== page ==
• If you’re visiting with family or want to learn more about the Dunes and their essential role in the ecosystem, be sure to swing by the Paul H. Douglas Center for Environmental Education. It’s only open during the summer months (hence not visiting during our trip) but offers visitors lots of extra context that the Visitor Center lacks.
  • For an unusual outdoor experience, especially during the spring months (March to May), the Heron Rookery is worth the 15-minute drive inland and point-to-point hike through the swampy forest surrounding this trail. As its name suggests, herons do roost here, and the spring is the hatching window.
  • Wholly surrounded by the national park, Indiana Dunes State Park offers 16+ miles of additional hiking trails; the most popular way to tackle the park (which has its own fee to visit) is to do the 3 Dune Challenge, which is a short but, well, challenging 1.5 miles with 552 of elevation change.
  • There are a number of other beaches in Indiana Dunes; if you’re visiting during the summer, spending time at one of more of these – whether it’s picnicking, taking a dip in the lake, or sunbathing – is a nice, relaxing way to enjoy this national park.

Where to Eat Near Indiana Dunes

You’ll notice above that I didn’t mention meals specifically; I originally had sections for that, but thought it made more sense to explain your meal options separately.

If you follow my suggestions above, I recommend grabbing lunch in Michigan City after visiting Mount Baldy. There are some good casual options; I ate at Royale with Cheese which was freaking awesome.

For dinner, you have even more options; in addition to what you’ll find in Michigan City (look at Zorn Brew Works Co. or Shoreline Brewery), you could also eat in Chesterton south of the park (Leroy’s Hot Stuff and Lucrezia Cafe both caught my eye) or drive further east to New Buffalo, Michigan. That’s where Marissa and I had dinner during our one-night visit; she found Beer Church and it was great!

If you’re spending the night and need some morning fuel, FLUID Coffee‘s Michigan City outpost is the place. Craft coffee, easy breakfast options, and a funky vibe – tell me you’re a Millennial without telling me you’re a Millennial!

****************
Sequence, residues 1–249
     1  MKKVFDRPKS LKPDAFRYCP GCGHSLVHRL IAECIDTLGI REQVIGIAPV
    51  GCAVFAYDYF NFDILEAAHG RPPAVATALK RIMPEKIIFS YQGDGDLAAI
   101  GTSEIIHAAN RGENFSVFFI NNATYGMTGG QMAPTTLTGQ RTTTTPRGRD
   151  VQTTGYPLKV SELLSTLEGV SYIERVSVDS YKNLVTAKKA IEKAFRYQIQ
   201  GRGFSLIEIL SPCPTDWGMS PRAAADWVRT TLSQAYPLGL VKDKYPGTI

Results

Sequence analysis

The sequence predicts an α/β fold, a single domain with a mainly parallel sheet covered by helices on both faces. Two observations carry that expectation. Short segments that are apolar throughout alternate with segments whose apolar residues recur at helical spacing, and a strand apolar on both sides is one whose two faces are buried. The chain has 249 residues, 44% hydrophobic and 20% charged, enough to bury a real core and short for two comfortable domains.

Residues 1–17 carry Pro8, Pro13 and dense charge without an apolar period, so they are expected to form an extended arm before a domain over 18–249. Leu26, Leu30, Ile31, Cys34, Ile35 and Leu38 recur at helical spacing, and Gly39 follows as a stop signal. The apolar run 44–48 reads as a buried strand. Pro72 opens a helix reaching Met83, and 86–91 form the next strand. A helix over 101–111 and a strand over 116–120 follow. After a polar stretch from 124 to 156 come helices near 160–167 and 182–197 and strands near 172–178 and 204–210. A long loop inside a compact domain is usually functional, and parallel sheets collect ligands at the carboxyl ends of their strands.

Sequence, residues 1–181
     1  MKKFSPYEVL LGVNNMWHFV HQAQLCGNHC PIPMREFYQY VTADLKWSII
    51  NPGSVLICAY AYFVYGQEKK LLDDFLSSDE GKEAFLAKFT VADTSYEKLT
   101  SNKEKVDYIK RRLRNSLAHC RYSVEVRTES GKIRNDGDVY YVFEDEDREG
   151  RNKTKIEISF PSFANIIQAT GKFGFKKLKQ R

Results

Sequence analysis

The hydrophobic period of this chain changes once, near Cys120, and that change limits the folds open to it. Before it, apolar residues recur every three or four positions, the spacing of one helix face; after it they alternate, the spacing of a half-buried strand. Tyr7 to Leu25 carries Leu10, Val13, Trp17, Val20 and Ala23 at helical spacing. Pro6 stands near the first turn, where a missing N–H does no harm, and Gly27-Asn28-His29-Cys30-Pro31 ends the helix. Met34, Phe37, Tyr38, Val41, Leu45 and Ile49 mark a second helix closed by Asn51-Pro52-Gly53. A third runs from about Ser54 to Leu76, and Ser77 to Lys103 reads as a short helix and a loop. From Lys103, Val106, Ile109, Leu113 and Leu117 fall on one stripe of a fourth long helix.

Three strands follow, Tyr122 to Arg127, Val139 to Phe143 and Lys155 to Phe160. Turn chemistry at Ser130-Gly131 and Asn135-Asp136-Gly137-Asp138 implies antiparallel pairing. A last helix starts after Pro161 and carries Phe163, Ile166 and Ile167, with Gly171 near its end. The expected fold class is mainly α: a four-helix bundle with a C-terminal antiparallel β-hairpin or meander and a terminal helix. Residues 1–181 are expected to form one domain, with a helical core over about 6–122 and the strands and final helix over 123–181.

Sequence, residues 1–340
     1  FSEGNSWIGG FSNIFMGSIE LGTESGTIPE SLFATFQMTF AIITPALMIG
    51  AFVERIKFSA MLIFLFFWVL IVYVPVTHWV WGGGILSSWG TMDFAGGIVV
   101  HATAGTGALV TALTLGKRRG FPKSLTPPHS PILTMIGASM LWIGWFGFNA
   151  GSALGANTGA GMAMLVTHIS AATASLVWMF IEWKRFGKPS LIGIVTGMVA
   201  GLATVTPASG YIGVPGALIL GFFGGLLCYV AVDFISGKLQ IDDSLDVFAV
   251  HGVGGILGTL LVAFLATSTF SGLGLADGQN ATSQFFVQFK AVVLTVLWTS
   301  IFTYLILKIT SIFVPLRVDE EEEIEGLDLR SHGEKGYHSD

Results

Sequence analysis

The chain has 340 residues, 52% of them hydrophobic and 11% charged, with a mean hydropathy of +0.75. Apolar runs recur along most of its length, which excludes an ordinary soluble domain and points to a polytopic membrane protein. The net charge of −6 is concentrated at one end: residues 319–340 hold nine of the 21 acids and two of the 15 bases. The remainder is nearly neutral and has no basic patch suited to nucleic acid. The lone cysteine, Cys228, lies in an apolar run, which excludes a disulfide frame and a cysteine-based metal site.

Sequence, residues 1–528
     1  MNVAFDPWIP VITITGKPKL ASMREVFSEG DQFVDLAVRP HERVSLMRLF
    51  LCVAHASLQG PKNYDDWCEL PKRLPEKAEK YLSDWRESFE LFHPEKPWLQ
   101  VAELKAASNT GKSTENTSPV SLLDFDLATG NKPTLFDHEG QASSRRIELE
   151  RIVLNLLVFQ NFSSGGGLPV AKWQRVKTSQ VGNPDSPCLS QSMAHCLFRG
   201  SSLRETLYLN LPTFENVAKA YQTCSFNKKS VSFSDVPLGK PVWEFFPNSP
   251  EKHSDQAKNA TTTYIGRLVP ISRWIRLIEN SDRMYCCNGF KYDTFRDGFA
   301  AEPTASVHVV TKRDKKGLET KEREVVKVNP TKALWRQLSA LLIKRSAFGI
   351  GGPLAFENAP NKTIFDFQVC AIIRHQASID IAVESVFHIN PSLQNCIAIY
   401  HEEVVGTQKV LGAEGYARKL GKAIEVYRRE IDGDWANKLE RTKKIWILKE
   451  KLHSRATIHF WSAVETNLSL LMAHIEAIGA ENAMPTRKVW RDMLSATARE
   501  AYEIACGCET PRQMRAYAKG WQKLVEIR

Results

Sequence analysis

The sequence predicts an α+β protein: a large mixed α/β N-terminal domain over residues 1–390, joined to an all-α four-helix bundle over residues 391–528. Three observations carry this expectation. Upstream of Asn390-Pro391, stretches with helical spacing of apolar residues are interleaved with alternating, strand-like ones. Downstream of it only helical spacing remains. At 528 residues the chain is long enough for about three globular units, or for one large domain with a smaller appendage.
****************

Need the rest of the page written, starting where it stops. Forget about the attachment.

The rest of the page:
Where to Stay Near Indiana Dunes

I did a lot of research when planning our trip – even though it was just one night, it was my first trip after Baby V was born and I wanted to make it a good one! One area I initially felt stuck was in finding our overnight accommodations. Sure, there are plenty of budget-friendly national chains in Portage, but I wanted something local and/or with a bit more character if possible.

I did consider Riley’s Railhouse in Chesterton, which is where my blogger friend Amanda stayed during her Indiana Dunes trip, but also wanted something original…

Then I found Al & Sally’s Motel in Beverley Shores! This old-school motel is family-owned, has been recently renovated, and was perfect for our off-season visit. I can imagine it’s pretty popular during the summer due to the excellent location (mere minutes from Mount Baldy/Central Beach, etc.) so be sure to check as soon as you know your dates if you want to stay here too.

Have any other questions about visiting Indiana Dunes National Park or spending a day there? Let me know in the comments below! 

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I was born on the East Coast and currently live in the Midwest – but my heart will always be out West. I lived for 15 years in Alaska, as well as four years each in California and Washington. I share travel resources and stories based on my personal experience and knowledge.